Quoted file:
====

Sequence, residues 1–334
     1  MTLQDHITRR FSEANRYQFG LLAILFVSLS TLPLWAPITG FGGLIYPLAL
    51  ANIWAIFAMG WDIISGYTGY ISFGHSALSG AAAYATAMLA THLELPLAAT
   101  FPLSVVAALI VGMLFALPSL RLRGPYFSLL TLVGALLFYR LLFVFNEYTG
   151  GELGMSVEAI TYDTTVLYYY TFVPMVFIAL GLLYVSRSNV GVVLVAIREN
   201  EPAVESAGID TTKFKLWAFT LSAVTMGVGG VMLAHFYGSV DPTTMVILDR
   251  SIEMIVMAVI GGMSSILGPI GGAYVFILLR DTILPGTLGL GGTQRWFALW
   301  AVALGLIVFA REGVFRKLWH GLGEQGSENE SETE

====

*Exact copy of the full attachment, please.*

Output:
Sequence, residues 1–334
     1  MTLQDHITRR FSEANRYQFG LLAILFVSLS TLPLWAPITG FGGLIYPLAL
    51  ANIWAIFAMG WDIISGYTGY ISFGHSALSG AAAYATAMLA THLELPLAAT
   101  FPLSVVAALI VGMLFALPSL RLRGPYFSLL TLVGALLFYR LLFVFNEYTG
   151  GELGMSVEAI TYDTTVLYYY TFVPMVFIAL GLLYVSRSNV GVVLVAIREN
   201  EPAVESAGID TTKFKLWAFT LSAVTMGVGG VMLAHFYGSV DPTTMVILDR
   251  SIEMIVMAVI GGMSSILGPI GGAYVFILLR DTILPGTLGL GGTQRWFALW
   301  AVALGLIVFA REGVFRKLWH GLGEQGSENE SETE